The Gilder Lehrman Institute's 2021 Calendar of Civil Rights Now Available

 END RACISM!" poster designed for a march on April 8, 1968, 4 days after Martin Luther King's Jr.'s assassination (Gilder Lehrman Institute, GLC06125).The Gilder Lehrman Institute's 2021 Calendar of Civil Rights is

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Robert E. Lee’s condolence letter to his son Rooney, 1864

In this beautifully written letter, Confederate general Robert E. Lee attempts to console his son William Fitzhugh "Rooney" Lee on the loss of his wife. The letter demonstrates the emotion that Lee felt for his family and offers a glimpse of the strength that carried Lee through the war. His faith in God, his empathy for others’ misfortunes, and his belief in the Confederate cause, all granted Lee the fortitude he needed to endure the war. One can see all of these attributes in this single, short missive.
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Scholar’s Blog - Aaron Sheehan-Dean

March 31, 1863: Halleck Instructs Grant
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Playing ball for the troops: Yankees/Dodgers/Giants exhibition benefit game, 1943

There’s no denying the important role that baseball has played in America’s past. It has always been considered more than a game, whether played by professional athletes or kids at the sandlot. This was never more obvious than during World War II. By 1943, the war was raging in Europe and the Pacific. American mothers and fathers sent their sons to war and those who stayed home made whatever sacrifices they could, great or small.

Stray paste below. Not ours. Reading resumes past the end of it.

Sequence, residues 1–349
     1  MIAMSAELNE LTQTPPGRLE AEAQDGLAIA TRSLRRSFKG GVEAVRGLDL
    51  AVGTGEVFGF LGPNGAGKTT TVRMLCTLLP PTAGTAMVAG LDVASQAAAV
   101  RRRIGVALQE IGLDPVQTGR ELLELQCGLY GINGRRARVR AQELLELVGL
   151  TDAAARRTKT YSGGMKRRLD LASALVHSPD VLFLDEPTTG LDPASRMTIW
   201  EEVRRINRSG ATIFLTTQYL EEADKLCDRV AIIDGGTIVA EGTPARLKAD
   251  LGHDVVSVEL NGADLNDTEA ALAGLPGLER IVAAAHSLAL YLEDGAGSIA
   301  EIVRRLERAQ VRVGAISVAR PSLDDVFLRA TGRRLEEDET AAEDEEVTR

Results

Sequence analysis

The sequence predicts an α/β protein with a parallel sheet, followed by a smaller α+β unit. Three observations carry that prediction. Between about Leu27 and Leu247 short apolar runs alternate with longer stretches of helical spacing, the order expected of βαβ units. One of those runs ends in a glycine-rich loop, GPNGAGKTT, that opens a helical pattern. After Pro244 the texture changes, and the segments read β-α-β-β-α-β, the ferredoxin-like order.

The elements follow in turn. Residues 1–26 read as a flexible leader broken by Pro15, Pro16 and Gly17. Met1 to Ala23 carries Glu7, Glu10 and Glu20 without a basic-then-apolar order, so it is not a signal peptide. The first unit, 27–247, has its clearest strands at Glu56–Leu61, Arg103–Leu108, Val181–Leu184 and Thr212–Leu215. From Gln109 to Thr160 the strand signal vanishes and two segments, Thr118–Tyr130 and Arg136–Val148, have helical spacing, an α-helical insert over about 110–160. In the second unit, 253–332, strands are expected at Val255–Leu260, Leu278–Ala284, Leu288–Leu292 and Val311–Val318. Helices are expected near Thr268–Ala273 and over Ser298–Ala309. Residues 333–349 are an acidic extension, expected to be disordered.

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"Document of the Month" - April 2013

If you don’t see the full story below, click here (PDF) or click here (Google Docs) to read it—free!
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Former slave, Doctor Cuffee Saunders, 1781

Sometimes a simple document can open the door to a great story. Cuffee Saunders was a Black soldier during the Revolutionary War. The paperwork here is for "Cuffee Wells," "Wells" being the name of Cuffee's former slaveowner. When Saunders entered the Army he was still known as Cuffee Wells, and during the war he took the last name of Saunders. 
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Scholar’s Blog - Aaron Sheehan-Dean

February 23, 1863: Vallandigham Denounces the Draft
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Recent Press Mentions

Daina Ramey Berry's "Lives of the Enslaved" Pace–Gilder Lehrman Online MA Course Featured in NBC News Article

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Daina Ramey Berry at the 2019 Frederick Douglass Book Prize AwardsIn a Dallas-Fort Worth NBC affiliate article exploring “How to Transform Black History Education in Schools,” Daina Ramey Berry’s “Lives of the Enslaved,” a Pace–Gilder Lehrman Online MA in American History course, was featured prominently.

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The New York Times Remembers Richard Gilder

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Richard Gilder at the Frederick Douglass Book Prize Ceremony in 2011Sam Roberts wrote a comprehensive obituary for Richard Gilder on May 14, 2020, calling him “a billionaire investor and benefactor who was instrumental in revitalizing two neglected exemplars of American democracy — the study of American history and Central Park.”

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EduHam at Home Announced in a Washington Post Feature Article

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Student performers at an EduHam performance in San Francisco on March 4, 2020The Washington Post announced the EduHam at Home program on April 21, 2020, with a feature article by theater critic Peter Marks. Along with exploring the development of EduHam itself, the article highlights Gilder Lehrman Institute president James Basker’s explanation of how and why EduHam at Home works:

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